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Call for city carpark to be converted to indoor market

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A seven-day covered market is “a lung that we need in this city” – that’s according to the founder of the city’s well-known Sheridan’s Cheesemongers.

Seamus Sheridan, a former Green Party general election candidate for Galway West made the comments while speaking at NUI Galway’s Social Sciences Research Centre’s ‘Galway: Today and Tomorrow’ conference.

Mr Sheridan spoke of his jealousy of Cork’s English market and said that creating a market in Galway was a “no brainer”.

“We must create a covered seven-day market here in Galway – end of story – we are a modern city,” said Mr Sheridan. “We have no method for the distribution of any food that may, or could be, produced around Galway to get to us, consumers or chefs in the semi-commercial sector – it’s vitally important and it would create jobs.”

Mr Sheridan called for the market to be located on the ground floor of Hynes Yard car park – a site owned by Galway City Council and currently leased to Park Rite for the operation of the car park.

“We inherited this site, the people of Galway and we put in permission to put it [the market] there – you can see the pillars where the shop fronts are supposed to be at the bottom of Hynes Yard car park.

“It’s there, it’s three minutes walk from Shop Street through the lanes and it’s a gorgeous site – unless somebody’s got a better site, then I would love to hear it but we own that one and that is where I’d like to see it,” he exclaimed.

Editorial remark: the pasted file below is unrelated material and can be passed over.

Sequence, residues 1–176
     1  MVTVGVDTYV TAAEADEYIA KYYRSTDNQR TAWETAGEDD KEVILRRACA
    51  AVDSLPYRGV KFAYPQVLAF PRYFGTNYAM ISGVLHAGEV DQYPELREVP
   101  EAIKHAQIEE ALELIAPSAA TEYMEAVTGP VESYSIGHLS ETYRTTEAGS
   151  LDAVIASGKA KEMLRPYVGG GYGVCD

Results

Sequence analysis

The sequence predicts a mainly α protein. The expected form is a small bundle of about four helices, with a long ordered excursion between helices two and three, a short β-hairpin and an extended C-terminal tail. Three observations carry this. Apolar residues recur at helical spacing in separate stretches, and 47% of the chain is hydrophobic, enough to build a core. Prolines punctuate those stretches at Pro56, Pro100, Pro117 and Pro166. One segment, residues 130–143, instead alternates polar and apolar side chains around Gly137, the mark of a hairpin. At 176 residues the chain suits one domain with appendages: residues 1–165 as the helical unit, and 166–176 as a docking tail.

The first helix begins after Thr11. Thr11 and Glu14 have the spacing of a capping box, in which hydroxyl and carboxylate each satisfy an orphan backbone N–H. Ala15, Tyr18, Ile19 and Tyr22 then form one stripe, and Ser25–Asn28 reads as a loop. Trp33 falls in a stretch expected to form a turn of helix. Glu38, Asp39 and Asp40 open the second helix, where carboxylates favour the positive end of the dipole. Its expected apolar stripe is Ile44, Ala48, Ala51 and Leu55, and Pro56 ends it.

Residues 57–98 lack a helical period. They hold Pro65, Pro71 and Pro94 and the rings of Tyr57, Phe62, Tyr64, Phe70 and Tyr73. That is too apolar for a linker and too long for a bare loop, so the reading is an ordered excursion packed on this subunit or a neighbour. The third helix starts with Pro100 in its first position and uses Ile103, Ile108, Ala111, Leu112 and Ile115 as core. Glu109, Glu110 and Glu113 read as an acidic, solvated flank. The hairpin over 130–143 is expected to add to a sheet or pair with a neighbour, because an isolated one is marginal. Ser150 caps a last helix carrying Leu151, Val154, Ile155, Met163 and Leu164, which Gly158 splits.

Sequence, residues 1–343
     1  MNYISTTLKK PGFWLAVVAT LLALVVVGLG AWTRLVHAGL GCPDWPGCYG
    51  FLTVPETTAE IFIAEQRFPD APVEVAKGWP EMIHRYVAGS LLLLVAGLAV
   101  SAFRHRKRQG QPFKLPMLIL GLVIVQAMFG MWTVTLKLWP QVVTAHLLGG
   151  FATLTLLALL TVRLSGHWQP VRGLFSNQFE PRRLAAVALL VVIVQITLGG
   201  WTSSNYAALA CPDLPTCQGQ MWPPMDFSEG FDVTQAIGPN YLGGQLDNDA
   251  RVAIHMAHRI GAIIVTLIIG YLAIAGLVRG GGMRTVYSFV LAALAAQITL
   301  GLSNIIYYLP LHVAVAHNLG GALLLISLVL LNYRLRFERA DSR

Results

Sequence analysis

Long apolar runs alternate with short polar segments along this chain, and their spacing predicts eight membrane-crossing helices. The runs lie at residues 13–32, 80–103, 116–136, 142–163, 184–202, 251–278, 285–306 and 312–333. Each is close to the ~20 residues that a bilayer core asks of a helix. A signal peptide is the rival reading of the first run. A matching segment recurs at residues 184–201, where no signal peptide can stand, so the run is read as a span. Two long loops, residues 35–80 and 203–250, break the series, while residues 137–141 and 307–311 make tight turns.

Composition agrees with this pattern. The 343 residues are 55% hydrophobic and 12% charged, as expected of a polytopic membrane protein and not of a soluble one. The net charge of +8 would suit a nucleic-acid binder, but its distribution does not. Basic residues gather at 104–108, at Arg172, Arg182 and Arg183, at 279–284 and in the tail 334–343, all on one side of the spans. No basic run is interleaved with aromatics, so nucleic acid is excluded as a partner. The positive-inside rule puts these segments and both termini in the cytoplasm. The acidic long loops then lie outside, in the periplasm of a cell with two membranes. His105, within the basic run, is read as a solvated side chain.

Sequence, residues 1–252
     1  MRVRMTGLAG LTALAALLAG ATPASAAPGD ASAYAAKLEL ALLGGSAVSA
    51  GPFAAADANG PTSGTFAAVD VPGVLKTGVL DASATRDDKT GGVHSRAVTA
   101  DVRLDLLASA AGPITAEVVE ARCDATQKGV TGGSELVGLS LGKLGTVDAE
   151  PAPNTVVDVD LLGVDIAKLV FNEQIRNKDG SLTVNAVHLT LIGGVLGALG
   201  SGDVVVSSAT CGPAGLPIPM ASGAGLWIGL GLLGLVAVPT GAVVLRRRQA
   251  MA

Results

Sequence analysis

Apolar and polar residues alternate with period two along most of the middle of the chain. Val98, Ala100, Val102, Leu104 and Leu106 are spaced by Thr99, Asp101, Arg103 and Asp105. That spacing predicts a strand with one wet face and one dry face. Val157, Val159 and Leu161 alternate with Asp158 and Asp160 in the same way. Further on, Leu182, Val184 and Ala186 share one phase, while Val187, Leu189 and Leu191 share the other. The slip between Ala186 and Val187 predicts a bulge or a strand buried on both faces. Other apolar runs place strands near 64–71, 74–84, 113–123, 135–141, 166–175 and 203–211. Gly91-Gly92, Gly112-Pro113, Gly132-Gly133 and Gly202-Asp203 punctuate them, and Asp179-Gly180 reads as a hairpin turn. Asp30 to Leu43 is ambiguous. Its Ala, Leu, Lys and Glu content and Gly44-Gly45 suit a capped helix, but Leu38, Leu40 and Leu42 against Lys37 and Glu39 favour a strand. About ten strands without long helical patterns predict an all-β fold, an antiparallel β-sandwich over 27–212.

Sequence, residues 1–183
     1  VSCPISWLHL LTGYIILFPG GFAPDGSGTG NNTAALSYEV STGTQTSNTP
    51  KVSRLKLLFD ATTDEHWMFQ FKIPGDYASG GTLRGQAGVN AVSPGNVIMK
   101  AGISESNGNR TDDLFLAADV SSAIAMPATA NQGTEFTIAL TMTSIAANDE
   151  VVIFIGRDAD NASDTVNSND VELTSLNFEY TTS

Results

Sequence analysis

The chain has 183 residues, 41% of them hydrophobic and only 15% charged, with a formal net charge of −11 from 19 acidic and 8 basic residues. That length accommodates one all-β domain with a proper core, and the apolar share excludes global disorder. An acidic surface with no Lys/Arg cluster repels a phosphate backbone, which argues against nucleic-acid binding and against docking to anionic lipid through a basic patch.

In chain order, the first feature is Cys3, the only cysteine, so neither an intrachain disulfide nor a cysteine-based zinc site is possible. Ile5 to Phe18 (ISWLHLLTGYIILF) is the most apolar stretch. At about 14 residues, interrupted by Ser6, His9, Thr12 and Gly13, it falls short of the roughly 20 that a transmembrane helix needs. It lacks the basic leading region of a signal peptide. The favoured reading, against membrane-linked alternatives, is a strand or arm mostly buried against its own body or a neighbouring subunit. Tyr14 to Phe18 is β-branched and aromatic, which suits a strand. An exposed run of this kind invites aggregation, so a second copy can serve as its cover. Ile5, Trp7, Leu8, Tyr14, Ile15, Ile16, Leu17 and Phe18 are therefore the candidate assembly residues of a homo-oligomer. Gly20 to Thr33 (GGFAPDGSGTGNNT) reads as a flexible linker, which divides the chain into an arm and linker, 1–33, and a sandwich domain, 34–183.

Mr Sheridan outlined the numerous benefits the city would reap from such a market with the social aspect being front and centre of his argument.

“It also has a huge social benefit as you grow older – you can bring your kids there and they meet friends, they can smell and taste the food.

“Buy your rashers off one butcher because he’s looking at you and sneak off to your better butcher to buy your steaks keeping everybody happy – you could grow old there and meet each other for a coffee or a drink there,” he said painting a romantic image of a market at the heart of the city.

Mr Sheridan believed that the market would be a huge tourist attraction to the city attracting countless visitors each year.

“The idea could be so incredible – it would be one of the biggest tourist attractions we could have in Galway and it would make money,” he claimed.

In his segment, entitled ‘Food and the Local Economy’, Mr Sheridan put forward the idea of linking tourism and food as a means of giving small producers an opportunity to cash-in on the west’s growing tourist numbers.

“We have one massive export and that is tourists. Don’t think of tourists coming here – when tourists spend money here, think of it as an export.

“I began to think that all my producers are halfway up mountains – nobody knows where they are and it looks incredible,” he said.

To combat this, Mr Sheridan called on producers to locate themselves along the Wild Atlantic Way and net tourists as they travel along the west coast.

“If you were to make cheese there along the side of the road with a car park, not only would you be getting your weekly or monthly cheques from Sheridan’s or the shops you supply but you would be getting a multiple of that by tourists just stopping and buying your products,” he said.

Connacht Tribune